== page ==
Grapes and Wine in Cognac
What makes Cognac so SPECIAL?
What makes cognac unique is a combination of three factors: the climate and quality of the land, the distillation method, and the skill of the master blender.
The Cognac production area lies at a junction where a microclimate and rich, diverse soil meet to produce the conditions that are favourable for the cultivation of vines used to make the spirit. The microclimate is a result of the influence of the Atlantic Ocean on the land. It is characterized by being ‘softly tempered,’ with ample amounts of sunlight and sufficient rain, and an average annual temperature of 13.5°C (55°F). This microclimate, combined with the special soil, is considered ideal for high quality spirit-producing wines.
The soil itself is extremely diverse, ranging from open country chalky soils, to plains with red clay earth, to green valleys. Quality variations in the soil are based on the amount of chalk present, the hardness of the chalk, and the amount of clay mixed in with the chalk. For example, more chalk in the soil increases its quality; the softer the chalk, the better; and the less clay in the soil, the better its quality. Chalk in the soil is important because it retains humidity (moisture). Also, the chalk-flecked soil reflects light and so helps to ripen the grapes. Grande Champagne has the softest chalk and the least clay; therefore, it is considered the best soil and produces the highest quality Cognacs.
Principal Cognac Grape Varieties
FACTS ON GRAPE GROWING AND COGNAC MAKING in COGNAC
Size of the vineyards: 79,771 hectares (74,614 ha white grapes)
Production volume: 6,279,949 hectolitres (640,000 pure alcohol)
Vineyards: 6,000 growers
Soil: Mainly limestone, clayey limestone, sandstone and clay.
Weather: Bordeaux-like, with abundant sunshine and Atlantic influence.
The Cognac Delimited Region is located at the north of the Aquitaine basin, bordering the Atlantic Ocean. The production area covers the Charente-Maritime and most of the Charente departments, and several districts of the Dordogne and Deux-Sèvres. The Delimited Region has a total area of over one million hectares (1,095,119ha), but the actual vineyards only occupy 79,636ha. Approximately 95% of them are used for Cognac production.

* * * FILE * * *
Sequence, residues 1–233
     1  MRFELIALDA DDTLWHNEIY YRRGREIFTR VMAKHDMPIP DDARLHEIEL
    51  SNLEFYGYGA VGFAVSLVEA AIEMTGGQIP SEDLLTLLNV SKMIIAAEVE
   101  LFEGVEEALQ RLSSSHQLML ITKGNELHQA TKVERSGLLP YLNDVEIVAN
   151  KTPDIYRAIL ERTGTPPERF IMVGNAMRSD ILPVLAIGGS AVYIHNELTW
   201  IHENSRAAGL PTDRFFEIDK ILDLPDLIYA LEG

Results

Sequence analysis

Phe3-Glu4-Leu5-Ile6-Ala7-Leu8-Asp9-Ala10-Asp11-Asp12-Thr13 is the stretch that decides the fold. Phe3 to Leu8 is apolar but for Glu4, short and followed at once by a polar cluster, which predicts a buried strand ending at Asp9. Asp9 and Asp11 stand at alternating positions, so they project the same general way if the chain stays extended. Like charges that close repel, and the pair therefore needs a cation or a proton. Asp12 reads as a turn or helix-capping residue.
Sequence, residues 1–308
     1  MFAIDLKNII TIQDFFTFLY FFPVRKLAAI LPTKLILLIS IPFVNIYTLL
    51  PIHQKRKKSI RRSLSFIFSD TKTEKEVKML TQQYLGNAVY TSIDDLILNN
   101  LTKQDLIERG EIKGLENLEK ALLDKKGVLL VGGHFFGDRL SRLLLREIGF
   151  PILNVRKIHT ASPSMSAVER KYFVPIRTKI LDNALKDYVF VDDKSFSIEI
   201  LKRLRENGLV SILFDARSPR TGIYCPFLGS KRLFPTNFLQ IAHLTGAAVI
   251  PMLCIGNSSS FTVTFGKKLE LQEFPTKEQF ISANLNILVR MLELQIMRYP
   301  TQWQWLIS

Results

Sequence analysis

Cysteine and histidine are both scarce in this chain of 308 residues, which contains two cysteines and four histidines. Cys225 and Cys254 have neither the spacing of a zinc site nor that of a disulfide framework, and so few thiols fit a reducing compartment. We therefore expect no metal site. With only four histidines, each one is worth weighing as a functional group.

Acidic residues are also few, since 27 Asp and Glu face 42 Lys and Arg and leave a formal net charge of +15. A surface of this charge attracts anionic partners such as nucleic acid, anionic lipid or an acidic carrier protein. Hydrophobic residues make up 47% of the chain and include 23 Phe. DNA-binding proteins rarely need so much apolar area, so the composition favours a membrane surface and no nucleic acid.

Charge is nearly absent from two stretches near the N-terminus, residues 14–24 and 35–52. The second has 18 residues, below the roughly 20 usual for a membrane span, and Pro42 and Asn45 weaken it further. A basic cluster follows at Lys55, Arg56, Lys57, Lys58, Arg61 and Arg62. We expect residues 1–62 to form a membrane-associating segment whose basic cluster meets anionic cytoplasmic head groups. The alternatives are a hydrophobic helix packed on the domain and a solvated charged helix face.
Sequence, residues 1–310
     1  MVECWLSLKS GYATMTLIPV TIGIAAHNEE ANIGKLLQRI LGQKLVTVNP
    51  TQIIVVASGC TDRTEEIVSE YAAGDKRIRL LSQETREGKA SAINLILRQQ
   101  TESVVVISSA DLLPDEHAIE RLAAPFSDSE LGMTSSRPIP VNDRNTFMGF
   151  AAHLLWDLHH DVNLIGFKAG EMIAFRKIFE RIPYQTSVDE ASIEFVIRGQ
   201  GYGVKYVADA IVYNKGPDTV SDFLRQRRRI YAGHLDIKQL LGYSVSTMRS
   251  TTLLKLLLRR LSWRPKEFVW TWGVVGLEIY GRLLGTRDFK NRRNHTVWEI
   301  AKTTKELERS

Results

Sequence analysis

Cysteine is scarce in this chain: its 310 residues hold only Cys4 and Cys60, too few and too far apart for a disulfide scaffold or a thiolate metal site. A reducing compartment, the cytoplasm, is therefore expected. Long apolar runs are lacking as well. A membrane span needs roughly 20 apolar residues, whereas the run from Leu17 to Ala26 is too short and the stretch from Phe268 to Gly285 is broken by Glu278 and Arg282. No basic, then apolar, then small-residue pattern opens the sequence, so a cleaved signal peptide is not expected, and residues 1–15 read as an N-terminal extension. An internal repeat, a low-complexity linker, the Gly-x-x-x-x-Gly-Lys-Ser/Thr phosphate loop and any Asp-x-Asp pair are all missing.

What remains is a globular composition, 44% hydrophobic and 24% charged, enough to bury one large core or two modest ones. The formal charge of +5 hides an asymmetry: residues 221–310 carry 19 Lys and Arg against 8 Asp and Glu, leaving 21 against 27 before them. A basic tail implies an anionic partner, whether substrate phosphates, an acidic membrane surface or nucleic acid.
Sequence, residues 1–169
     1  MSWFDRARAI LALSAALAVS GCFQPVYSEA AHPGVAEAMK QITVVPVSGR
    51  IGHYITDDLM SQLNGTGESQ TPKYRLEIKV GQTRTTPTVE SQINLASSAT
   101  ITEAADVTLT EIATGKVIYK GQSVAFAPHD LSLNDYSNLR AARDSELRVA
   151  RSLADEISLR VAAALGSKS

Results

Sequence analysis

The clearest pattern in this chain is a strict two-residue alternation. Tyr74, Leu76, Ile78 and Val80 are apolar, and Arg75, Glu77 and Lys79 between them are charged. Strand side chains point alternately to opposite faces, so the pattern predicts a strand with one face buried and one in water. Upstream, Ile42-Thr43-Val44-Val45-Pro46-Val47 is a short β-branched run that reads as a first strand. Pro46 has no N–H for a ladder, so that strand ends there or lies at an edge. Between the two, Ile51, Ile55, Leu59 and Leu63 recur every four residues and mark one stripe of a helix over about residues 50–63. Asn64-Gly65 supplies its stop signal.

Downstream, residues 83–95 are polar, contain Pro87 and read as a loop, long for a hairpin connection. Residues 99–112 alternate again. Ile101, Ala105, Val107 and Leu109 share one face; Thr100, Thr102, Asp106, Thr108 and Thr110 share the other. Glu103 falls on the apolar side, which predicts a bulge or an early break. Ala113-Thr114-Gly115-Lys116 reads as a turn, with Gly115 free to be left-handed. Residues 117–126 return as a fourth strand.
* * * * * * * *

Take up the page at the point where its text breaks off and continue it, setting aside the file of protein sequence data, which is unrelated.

The Pineau Appellation area follows the boundaries of the Cognac Delimited region.
COGNAC, PINEAU and WINES of Cognac region
One needs to realise that there are different styles of cognac that suit and are appreciated in different circumstances. They largely reflect the quality of their source fruit, their age and the nature of the barrels used. The young, say 7 years old, will be fruity, fresh and lively with notes of nutmeg, cedar, broom and orange. These are popular as an aperitif on ice or with tonic water, or as a cocktail mix. The middle aged, say 20 years old, will be well balanced, round, generous in the finish, strong and long on the palate with aromatic tones of cinnamon, vanilla, sandalwood and raisins. A 20-year-old cognac can be appreciated in a range of situations and we particularly enjoy one in the evening with friends, or after a hard day to quietly unwind. The well aged, say 50 years old, will have a beautiful dark robe with golden copper highlights. The tasting is a succession of wonderful delights that have to be quietly savoured. They start with initial notes of ripe fruit, plums, apricots and pineapples quickly followed by notes of spice such as curry, saffron, nutmeg and sandalwood. The cognac then opens out in the mouth to reveal generous, mellow and round notes of candied fruits and vanilla. The great length then blossoms into a sumptuous floral and very persistent finish. Obviously a drink to be enjoyed in a reflective moment like after a fine dinner by a warm fire in the quiet of the evening.
Worldwide, Pineau des Charentes is an undiscovered gourmet delight. The French claim that they only make a limited amount and I suspect that they want to enjoy it themselves!
The legend of Pineau suggests that a winemaker, in the town of Burie in 1589, accidentally put new grape juice into a barrel containing a small quantity of eau de vie, and forgot about it. A few years later, the winemaker tasted it, liked it and that is how Pineau des Charentes was created.
Cognac is blended with the new juice within hours of the grapes being pressed to produce Pineau des Charentes. Grapes must be very ripe in order to obtain grape juice that is rich in natural sugars. Pineau des Charentes is the result of stopping the fermentation of the grape juice by adding Cognac which must be at least one year old. Pineau des Charentes must contain between 16.5% and 22% alcohol. Production is strictly controlled to assure high quality through proper blending and ageing.
The dominant white variety of pineau is made using the grapes Ugni Blanc, Folle Blanche and Colombard, with occasional Sémillon, Sauvignon Blanc and Montils. The mixture is aged for at least 18 months in oak barrels, and is traditionally a deep gold in colour, but colours and qualities vary from vineyard to vineyard. The taste is predominantly sweet, but is balanced by both acidity and the increased level of alcohol. Finer varieties are aged for over 5 years in barrel, and often for several decades.